11. If approved, submitted to Senior Vice Chancellor.
  12. If approved, submitted to Chancellor.

Once approved on campus, the signature page that accompanies the program proposal must have all the correct signatures before the proposal can be submitted to USC Columbia.

  1. Academic Affairs submits the proposal to the Provost’s office in Columbia.
  2. If approved, Provost’s office submits the program proposal to the President for review and approval (signature).
  3. If approved, Provost’s office places the program proposal on the agenda of the Academic Affairs and Faculty Liaison’s committee of the Board of Trustees.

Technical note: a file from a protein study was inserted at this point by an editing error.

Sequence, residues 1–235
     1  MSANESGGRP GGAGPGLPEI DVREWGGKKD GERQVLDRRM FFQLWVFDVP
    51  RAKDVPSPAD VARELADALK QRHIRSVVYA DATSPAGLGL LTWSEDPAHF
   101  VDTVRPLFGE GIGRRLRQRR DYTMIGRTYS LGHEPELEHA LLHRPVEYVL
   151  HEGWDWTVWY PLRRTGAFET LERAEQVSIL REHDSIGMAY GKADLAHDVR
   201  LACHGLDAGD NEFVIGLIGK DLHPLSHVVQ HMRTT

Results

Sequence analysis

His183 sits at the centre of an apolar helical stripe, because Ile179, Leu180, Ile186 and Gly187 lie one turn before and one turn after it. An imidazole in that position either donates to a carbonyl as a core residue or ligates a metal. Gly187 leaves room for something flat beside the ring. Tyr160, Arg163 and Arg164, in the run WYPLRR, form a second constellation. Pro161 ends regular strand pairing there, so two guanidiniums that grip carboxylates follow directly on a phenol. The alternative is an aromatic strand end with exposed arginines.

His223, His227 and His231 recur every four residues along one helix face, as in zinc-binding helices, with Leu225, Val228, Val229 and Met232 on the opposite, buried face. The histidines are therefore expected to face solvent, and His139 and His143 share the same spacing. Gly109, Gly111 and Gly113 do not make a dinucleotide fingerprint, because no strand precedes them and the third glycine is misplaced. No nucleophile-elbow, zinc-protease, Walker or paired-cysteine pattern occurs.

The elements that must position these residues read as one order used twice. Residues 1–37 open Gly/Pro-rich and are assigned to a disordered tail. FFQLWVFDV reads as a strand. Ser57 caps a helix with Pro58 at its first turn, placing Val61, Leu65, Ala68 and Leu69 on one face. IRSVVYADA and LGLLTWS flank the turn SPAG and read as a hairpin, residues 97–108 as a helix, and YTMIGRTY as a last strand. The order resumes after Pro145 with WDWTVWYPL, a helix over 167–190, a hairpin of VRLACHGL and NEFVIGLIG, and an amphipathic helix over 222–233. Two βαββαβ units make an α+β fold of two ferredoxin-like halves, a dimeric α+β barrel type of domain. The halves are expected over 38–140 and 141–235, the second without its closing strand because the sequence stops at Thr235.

4. If approved, submitted to the Board of Trustees.
  5. If approved, Provost’s office sends Program Proposal to CHE.
  6. At CHE, Program Proposal submitted to the Advisory Committee on Academic Programs (ACAP)
  7. If approved, submitted to the Academic Affairs and Licensing Committee (CAAL) of CHE.
  8. If approved, submitted to the full CHE.
  9. Once approved, Academic Affairs submits notification to SACS.

At each step in the approval process, consideration is given to the appropriateness of the degree or program to the purpose and goals of the institution. Guidelines of the South Carolina Commission on Higher Education Policies and Procedures for New Academic Program Approval and Program Termination “take a statewide viewpoint (and, in some cases, a regional or national viewpoint)” as programs are examined for compatibility with the mission, role, and scope of the institution.